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Why do you need a rest week?

Imagine a three week training plan during which you see some of the best progress you’ve made in years. There’s momentum in your progress and you’re right on the edge of breaking all your personal bests. Now imagine you are told to stop what you’re doing and halve everything you do and do it at a painfully slow pace. You must do this for a week. The frustration that comes with this is simply unbearable to many diligent, hard working athletes. What I’ve described is what would be considered the standard deload week. In many cases athletes cannot process the reality of a deload week let alone commit to it. For many the fear of losing progress is the main issue, others are reluctant to back off when every session is getting them closer to an all time best.

What is a deload or rest week?

As the name implies deload and rest weeks are simply breaks in training during which we significantly reduce training loads, allowing our bodies some time to recover. Typically they last a week if planned throughout periods of training. In some cases, like at the end of a season, we may recommend several consecutive weeks of reduced training. It all depends on goals, training loads and where you are in your season. Typically the standard recommendation for a rest week is at minimum a 40% reduction in both training volume and intensity. This will vary for most people and it’s usually something a coach can be very helpful with.

Why should you take a rest week?

Training is simply a process of applying stress and adapting. We cycle this process over and over to progress our abilities. There are two general forms of stress; acute and chronic. Acute stress can be considered short term; it’s what you apply during a single session and you can recover relatively quickly from it. Chronic stress is the type that occurs over time. It can last weeks, months and even years. Your body can tolerate acute and chronic stress quite well. When allowed to adapt, the body will respond positively to these. If the body cannot adapt positively, it will engage survival mechanisms. This may lead to a reduction in training ability or intensity as the body tries to prevent further stress. You may also see certain body functions struggle as they become overwhelmed.

Gradually accumulating stress and fatigue can be effective when a rest week is planned. It allows for a response to this chronic build up. If stress is reduced significantly during this time the body has more energy availability and time to adapt. This allows for a bigger response than daily recovery to acute stress. This is referred to as supercompensation in many textbooks. Taking deload weeks at regular intervals ensures you get this response.

Elite athletes will always take time off to allow their bodies to restore and prepare for training to come.

What happens if you skip a deload?

Many athletes get into a routine of training and it can be very difficult for them to break their routine. In many cases an athlete won’t necessarily feel tired or worn out and so they may not feel like they need the rest. In some cases this may be true and in others they may be at breaking point without realising. Most coaches will plan in these weeks so they do not come as a surprise. If they’ve been on the plan from the start then most athletes will buy into them.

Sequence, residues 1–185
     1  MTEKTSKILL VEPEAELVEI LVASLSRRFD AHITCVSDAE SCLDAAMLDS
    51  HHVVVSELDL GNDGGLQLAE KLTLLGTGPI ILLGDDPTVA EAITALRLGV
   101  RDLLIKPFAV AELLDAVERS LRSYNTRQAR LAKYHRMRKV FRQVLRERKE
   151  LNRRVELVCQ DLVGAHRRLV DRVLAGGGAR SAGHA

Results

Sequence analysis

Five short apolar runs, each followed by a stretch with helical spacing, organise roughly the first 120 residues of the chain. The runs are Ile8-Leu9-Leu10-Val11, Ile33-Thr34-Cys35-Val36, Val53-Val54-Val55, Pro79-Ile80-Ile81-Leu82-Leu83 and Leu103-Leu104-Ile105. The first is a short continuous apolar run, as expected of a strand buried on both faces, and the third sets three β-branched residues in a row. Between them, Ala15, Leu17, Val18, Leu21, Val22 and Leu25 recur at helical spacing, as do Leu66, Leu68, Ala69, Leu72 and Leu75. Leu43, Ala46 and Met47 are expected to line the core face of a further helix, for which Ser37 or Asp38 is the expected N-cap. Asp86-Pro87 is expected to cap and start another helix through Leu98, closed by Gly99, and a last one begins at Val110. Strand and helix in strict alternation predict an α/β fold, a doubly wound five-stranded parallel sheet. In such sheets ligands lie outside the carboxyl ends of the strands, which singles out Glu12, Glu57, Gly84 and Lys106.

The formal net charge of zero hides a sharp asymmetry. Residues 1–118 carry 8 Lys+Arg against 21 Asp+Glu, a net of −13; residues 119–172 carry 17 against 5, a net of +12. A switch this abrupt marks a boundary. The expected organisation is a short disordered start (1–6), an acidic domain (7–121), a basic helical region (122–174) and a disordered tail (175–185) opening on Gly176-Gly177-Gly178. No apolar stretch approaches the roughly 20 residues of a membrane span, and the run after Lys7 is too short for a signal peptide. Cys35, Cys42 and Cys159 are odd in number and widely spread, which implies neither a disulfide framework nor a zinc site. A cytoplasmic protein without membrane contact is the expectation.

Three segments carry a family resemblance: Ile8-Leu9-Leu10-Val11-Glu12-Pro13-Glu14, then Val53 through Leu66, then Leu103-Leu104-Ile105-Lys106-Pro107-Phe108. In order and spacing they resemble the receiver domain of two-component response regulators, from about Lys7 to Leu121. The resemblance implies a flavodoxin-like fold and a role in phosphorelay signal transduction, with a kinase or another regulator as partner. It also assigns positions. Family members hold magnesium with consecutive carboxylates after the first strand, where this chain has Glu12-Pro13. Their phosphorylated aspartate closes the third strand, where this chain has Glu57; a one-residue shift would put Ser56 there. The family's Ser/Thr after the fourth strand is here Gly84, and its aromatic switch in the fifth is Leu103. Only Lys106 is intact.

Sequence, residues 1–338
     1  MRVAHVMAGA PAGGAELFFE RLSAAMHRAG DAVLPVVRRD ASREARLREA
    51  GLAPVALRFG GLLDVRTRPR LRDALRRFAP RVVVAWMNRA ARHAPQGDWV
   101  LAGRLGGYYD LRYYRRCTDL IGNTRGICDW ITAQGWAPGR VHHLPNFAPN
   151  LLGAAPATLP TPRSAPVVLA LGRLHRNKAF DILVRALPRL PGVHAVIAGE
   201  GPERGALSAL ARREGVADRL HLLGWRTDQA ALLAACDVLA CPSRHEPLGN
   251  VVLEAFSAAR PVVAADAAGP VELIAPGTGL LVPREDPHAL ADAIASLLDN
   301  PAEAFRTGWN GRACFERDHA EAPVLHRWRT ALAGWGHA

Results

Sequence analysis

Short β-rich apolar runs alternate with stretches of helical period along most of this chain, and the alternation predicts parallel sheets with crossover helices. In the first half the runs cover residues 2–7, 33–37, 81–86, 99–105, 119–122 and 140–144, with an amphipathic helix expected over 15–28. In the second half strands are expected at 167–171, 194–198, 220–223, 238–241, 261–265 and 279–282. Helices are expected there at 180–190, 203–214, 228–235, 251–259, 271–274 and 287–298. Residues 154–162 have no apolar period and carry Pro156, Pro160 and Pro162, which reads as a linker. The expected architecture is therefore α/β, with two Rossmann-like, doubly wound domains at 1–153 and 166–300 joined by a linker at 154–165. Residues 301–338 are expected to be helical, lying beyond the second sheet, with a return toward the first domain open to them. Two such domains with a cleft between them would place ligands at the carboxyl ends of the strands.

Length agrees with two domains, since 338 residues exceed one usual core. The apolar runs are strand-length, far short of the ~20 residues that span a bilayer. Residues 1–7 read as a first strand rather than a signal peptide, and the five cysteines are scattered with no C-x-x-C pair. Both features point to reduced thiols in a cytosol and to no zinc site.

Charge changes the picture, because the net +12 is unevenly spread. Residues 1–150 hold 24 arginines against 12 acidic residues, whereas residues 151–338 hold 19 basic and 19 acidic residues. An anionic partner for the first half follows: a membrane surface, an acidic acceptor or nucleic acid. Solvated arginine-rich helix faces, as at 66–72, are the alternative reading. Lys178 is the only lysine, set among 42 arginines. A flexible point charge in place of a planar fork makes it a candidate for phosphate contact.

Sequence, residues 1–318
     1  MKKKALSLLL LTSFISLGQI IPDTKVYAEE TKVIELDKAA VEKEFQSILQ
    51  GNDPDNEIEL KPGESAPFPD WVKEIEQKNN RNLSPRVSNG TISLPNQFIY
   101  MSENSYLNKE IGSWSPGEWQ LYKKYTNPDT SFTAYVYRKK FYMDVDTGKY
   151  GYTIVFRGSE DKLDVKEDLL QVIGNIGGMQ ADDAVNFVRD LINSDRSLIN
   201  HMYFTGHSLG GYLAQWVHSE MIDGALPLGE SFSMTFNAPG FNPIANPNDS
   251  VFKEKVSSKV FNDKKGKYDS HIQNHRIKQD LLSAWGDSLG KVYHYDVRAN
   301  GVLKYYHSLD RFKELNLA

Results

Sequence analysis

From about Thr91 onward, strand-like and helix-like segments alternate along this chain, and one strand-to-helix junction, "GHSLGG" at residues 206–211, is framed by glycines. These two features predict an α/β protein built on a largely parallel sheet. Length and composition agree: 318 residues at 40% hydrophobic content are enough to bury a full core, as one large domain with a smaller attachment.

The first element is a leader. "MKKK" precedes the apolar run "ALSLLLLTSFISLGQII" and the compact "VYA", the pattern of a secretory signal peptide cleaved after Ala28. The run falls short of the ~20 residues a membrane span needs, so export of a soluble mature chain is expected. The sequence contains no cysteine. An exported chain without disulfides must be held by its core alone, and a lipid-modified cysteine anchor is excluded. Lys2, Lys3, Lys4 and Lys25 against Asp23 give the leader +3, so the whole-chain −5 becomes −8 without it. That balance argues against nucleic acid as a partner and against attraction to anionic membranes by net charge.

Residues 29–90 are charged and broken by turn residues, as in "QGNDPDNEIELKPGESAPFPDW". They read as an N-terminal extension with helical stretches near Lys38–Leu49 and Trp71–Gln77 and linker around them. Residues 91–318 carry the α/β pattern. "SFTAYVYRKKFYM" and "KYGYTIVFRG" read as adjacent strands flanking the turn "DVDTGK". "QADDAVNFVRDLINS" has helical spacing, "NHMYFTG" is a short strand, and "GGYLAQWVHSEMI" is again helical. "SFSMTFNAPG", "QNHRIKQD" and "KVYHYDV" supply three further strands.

When an athlete skips a deload they often don’t notice any major loss in performance initially. They may not even feel particularly fatigued. This gives a false sense of them not needing a deload. In reality when you come back from a deload you should be fresh and capable of more intensity as you have had that supercompensation. This is what athletes might miss. There may be stagnation of progress which is hard to detect until several weeks have passed. This is best case scenario. In many cases athletes will become progressively run down and run the risk of illness or injury.

When to take a deload?

Timing a deload is variable. Most athletes respond well to 3 weeks of progressive training followed by a deload on the fourth week. In some cases this can be extended or shortened to fit with competition schedules or travel. They must not be neglected though and they must be as integral a part of the plan as the sessions themselves.

Things to look out for:

  • Boredom

When  a deload is performed well many athletes will complain about a sense of restlessness and boredom. This is quite a good sign as it means they are noticing the reduction in volume and the body will too. It is important to be aware of these feelings as they can often derail a deload week. Athletes sometimes can’t stand either the boredom or extra time they have on their hands. It is good practice to plan some alternate activities during this period. Some can be restorative but it is a good time to look at social and recreational activity and the extra time can be taken advantage of.

Boredom can be a problem during rest weeks and staying busy but relaxed is important
  • Diet

In addition, diet needs to be given attention. While some athletes may use this time to allow weight to come back where they have possibly had losses through training, others may need to maintain a certain weight. The sudden reduction in training will require less energy intake. Appetite will not adjust that quickly so it may important to scale back energy intake appropriately.

Rest weeks can be hard to plan and manage. Don’t be afraid to contact us if you need help organising your training strategy and calendar.

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